PARIN first loads all pure component data by reading two records per component. The total number of components, M, in the library or data deck must be known beforehand. Next the associ-ation/solvation parameters are input for M components. Finally all the established UNIQUAC binary interaction parameters (or noncondensable-condensable interaction parameters) are read.  [c.341]

The next requirement is to achieve the initial setting for the  [c.27]

Stirred-tank reactors become unfavorable if the reaction must take place at high pressure. Under high-pressure conditions, a small-diameter cylinder requires a thinner wall than a large-diameter cylinder. Under high-pressure conditions, use of a tubular reactor is preferred, as described in the next section, although mixing problems with heterogeneous reactions and other factors may prevent this. Another important factor to the disadvantage of the continuous stirred-tank reactor is that for a given conversion it requires a large inventory of material relative to, say, a tubular reactor. This is not desirable for safety reasons if the reactants or products are particularly hazardous.  [c.53]

Forward-feed operation is shown in Fig. 3.12a. The fresh feed is added to the first stage and fiows to the next stage in the same direction as the vapor flow. The boiling temperature decreases from stage to stage, and this arrangement is thus used when the  [c.85]

To illustrate, UNIQUAC parameters were obtained for the ethanol/cyclohexane system using the extensive isothermal data of Scatchard and Satkiewicz (1964). Figure 2 shows parameters for 5, 35, and 60°C along with the confidence ellipses. These regions indicate that it is possible to choose a single value of 322 appropriate for all temperatures a single value of a2 (e.g. 1300) can be included in all three confidence ellipses, implying that in the range 5-65 C parameter a2 is temperature independent. For 3., however, there is no single value which can intercept all three confidence ellipses. Therefore, parameter a 2 must be represented by a function of temperature as shown in Table 1 where the estimated variance of the fit, a, provides a measure of how well the data are represented. The first line shows results obtained when fitting two UNIQUAC parameters, a 2 21 ii ispendent of temperature. The next two  [c.45]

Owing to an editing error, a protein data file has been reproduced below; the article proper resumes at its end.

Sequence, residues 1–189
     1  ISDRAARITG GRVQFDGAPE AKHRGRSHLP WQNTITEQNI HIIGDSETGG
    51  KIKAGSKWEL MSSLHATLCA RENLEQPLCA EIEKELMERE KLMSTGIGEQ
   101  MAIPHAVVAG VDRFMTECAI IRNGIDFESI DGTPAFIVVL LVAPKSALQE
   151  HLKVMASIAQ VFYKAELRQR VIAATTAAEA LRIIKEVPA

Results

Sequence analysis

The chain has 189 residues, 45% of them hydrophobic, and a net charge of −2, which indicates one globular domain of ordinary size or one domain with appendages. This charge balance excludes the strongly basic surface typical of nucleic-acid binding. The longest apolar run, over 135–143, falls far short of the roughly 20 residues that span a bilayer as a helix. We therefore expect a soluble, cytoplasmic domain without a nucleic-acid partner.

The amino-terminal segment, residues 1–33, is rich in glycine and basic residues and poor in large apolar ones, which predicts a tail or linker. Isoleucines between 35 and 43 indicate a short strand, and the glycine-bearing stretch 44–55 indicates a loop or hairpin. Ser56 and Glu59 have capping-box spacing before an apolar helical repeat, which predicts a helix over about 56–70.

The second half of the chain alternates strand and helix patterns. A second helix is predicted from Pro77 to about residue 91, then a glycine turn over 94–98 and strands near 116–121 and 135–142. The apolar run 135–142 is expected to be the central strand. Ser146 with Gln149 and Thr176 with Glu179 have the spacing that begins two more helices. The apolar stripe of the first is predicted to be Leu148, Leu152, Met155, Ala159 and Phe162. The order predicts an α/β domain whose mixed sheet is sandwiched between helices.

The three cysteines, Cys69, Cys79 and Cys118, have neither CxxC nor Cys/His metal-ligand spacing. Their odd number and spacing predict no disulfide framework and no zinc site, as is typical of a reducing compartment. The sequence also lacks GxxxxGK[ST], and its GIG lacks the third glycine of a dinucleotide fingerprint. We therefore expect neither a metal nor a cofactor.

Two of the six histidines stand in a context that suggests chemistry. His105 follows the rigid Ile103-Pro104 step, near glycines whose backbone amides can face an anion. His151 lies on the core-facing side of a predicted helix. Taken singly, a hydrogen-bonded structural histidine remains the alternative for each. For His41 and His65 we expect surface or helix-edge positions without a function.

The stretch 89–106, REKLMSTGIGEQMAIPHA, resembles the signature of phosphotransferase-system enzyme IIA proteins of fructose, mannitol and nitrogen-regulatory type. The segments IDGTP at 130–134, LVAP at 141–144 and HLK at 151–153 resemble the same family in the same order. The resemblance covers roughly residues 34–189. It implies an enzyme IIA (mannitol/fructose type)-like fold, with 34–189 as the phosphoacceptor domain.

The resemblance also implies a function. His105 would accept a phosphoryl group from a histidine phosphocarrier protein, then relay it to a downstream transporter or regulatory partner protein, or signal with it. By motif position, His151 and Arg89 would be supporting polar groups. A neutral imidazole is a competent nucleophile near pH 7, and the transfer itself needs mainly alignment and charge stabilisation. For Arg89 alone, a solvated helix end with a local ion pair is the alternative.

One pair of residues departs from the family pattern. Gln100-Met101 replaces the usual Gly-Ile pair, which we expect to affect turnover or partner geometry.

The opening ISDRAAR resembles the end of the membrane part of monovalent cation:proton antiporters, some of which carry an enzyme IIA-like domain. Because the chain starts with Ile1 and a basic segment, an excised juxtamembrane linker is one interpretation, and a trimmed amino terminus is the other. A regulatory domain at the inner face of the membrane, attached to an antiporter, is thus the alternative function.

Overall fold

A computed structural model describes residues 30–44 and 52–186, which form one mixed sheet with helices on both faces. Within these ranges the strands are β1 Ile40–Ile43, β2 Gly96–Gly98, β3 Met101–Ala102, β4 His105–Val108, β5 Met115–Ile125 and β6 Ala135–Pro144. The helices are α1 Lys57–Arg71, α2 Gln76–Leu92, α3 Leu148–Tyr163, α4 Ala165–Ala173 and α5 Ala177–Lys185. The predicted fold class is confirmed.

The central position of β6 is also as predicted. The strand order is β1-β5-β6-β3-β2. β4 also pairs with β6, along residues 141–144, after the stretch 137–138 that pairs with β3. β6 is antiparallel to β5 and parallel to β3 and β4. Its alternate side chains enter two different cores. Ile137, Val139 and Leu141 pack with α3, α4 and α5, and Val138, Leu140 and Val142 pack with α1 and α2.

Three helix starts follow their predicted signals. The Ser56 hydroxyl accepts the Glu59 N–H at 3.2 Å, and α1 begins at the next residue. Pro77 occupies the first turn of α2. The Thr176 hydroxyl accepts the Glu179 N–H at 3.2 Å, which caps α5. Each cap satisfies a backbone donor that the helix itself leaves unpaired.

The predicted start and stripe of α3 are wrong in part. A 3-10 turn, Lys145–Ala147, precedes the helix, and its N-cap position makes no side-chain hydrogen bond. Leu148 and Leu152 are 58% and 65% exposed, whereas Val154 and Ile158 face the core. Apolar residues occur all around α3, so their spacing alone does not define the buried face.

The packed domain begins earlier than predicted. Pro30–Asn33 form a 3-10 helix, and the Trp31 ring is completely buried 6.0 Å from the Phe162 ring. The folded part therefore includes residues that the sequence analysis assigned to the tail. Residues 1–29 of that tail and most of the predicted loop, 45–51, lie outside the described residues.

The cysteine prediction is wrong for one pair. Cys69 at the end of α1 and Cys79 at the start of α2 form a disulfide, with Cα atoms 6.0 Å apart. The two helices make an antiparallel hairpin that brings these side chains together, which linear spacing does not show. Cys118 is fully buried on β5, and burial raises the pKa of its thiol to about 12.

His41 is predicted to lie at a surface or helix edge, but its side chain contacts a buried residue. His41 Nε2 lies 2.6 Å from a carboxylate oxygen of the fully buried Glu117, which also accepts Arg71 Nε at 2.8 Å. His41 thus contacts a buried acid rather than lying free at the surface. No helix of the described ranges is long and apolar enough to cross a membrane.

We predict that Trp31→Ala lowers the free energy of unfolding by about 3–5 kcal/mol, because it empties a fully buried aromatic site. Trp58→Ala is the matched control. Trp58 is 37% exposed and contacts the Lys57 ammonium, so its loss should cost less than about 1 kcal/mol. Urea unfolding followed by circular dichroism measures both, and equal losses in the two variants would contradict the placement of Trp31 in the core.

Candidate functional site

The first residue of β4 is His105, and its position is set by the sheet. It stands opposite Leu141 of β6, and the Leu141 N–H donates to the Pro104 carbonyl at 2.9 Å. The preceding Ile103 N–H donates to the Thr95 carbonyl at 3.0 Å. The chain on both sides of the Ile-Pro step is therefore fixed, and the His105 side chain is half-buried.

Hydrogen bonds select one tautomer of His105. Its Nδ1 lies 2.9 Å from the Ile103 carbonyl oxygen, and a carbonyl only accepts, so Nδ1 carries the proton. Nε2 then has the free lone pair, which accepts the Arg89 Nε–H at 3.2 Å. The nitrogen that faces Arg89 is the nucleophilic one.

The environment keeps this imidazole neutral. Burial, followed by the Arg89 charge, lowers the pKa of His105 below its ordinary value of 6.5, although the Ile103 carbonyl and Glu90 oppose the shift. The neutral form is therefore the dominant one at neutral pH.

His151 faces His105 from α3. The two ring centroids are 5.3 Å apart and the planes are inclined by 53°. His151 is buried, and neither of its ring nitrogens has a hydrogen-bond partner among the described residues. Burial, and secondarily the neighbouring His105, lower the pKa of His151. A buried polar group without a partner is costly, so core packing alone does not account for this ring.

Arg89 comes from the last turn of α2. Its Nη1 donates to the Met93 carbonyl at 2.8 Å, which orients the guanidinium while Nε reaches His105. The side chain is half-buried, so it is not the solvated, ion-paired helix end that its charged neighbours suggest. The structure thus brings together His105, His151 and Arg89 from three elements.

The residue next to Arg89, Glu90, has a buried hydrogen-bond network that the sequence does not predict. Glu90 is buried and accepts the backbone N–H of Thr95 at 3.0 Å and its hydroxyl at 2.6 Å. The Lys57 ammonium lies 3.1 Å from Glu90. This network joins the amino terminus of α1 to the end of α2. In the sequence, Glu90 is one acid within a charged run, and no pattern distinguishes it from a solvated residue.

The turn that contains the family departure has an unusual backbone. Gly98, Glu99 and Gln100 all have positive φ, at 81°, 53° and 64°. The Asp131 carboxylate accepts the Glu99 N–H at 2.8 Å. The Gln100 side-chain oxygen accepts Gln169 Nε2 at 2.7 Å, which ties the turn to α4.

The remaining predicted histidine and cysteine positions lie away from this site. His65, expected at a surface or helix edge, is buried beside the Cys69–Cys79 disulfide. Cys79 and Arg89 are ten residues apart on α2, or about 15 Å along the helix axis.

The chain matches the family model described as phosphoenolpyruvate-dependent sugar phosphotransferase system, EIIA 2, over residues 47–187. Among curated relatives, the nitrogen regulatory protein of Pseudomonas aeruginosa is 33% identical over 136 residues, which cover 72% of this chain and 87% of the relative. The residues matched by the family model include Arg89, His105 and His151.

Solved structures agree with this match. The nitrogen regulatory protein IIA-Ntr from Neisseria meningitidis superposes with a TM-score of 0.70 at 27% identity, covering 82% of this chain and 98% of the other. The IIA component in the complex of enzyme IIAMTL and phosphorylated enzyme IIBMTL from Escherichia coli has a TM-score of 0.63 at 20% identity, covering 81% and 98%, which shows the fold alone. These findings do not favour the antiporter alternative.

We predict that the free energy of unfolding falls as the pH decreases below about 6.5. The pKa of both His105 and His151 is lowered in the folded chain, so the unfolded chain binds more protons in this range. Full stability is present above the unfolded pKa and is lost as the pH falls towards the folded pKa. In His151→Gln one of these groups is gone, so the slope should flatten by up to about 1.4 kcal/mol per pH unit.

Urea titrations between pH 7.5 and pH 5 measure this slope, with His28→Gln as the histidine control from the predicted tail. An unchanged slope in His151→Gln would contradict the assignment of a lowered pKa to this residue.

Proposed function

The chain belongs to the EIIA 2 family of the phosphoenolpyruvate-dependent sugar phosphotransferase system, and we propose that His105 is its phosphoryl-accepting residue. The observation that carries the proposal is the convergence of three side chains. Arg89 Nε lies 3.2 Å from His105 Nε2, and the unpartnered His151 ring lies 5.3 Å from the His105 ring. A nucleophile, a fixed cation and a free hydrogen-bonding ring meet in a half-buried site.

Predictions for the other isobaric systems (experimental data of Sinor, Steinhauser, and Nagata) show good agreement. Excellent agreement is obtained for the system carbon tetrachlor-ide-methanol-benzene, where the binary data are of superior quality.  [c.55]

F. The next card supplies the VLB data reference (2 cards if IRF=1). FORMAT(15A4).  [c.226]

G. The next NN cards supply the VLB data. NN equals the number of experimental points. Bach card has one set of data. FORMAT(8F10.2).  [c.226]

H. The next cards provide estimates of the standard deviations of the experimental data. At least one card is needed with non-zero values. Units are the same as those of the VLE data. FORMAT(4f10.2,I2).  [c.227]

The design problem is next formulated as a mathematical problem with design equations and design variables. The design equations are the modeling equations of the units and their specification constraints. Design variables are of two types. The first t3qje of design variables describe the operation of each unit (flow rate, composition, temperature, and pressure), its size (volume, heat transfer area, etc.), as well as the costs or profits associated with the units. Since  [c.9]

See pages that mention the term Negisht : [c.191]    [c.192]    [c.192]    [c.195]    [c.197]    [c.197]    [c.197]    [c.197]    [c.197]    [c.197]    [c.205]    [c.205]    [c.205]    [c.223]    [c.227]    [c.233]   
Organic syntheses based on name reactions and unnamed reactions (1994) -- [ c.222 ]